Children's Literature - Marilyn Courtot
The Tempest becomes accessible to children through the retelling skill of Bruce Coville and the glowing illustrations of Sanderson. This fairy tale of magic and love, demons and spirits, has much to attract today's children and to introduce them to the works of the master.
Children's Literature - Uma Krishnaswami
With clever interplay of original dialogue and adapted text, the bard's immortal work is here transformed into a charming "once-upon-a-time" tale. Purists might bemoan the deletion of lines, verses, even whole scenes, but no one can complain that the spirit of the play has not been faithfully transmitted. It has been transmitted with grace and elegance, moreover, and with an acute perception of a young reader's capabilities. Spirin's illustrations are exquisite.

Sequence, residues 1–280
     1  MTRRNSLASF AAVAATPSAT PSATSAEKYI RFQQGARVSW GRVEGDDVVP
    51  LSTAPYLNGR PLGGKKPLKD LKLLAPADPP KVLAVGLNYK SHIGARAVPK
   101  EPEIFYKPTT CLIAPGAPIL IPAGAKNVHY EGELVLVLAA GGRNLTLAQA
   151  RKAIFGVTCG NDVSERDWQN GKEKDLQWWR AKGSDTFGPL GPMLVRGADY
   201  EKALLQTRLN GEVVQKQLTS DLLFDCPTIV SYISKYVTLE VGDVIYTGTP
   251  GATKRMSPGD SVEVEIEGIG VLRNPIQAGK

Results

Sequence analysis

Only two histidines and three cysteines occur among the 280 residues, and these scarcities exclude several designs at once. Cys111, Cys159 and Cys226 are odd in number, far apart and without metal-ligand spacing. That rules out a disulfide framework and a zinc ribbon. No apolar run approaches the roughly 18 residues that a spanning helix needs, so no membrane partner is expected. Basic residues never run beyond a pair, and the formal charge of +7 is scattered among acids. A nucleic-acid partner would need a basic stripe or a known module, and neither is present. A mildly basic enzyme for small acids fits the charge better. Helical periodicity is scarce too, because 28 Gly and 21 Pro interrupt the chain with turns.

Children's Literature - Rebecca Joseph
Shipwrecks, storms at sea, magicians, sorcerers, revenge, love, all these and more take place in Shakespeare's play The Tempest which John Escott brings to life for young people. Readers will come to understand Propsero, the former Duke of Milan, who was cast out to sea with his young daughter by Antonio. They arrived at a mysterious island filled with magical characters. Prospero causes a tempest that shipwrecks Antonio and his young son Ferdinand on the same island that has been Prospero and daughter Miranda's home. Through the pages of this beautiful adaptation, we watch Prospero take revenge, but in the end come to terms with his magic and those who had done him wrong. Accompanied with exquisite pictures of the different characters and the conflicts, The Tempest comes alive in this version.